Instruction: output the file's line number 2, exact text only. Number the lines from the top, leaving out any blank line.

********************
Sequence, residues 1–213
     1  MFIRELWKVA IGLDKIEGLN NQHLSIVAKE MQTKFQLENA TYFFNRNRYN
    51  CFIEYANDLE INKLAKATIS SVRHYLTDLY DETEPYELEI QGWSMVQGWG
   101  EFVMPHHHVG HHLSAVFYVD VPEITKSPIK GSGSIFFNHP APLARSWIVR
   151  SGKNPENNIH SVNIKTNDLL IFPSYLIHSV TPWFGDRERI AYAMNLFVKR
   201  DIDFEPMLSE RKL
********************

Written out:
     1  MFIRELWKVA IGLDKIEGLN NQHLSIVAKE MQTKFQLENA TYFFNRNRYN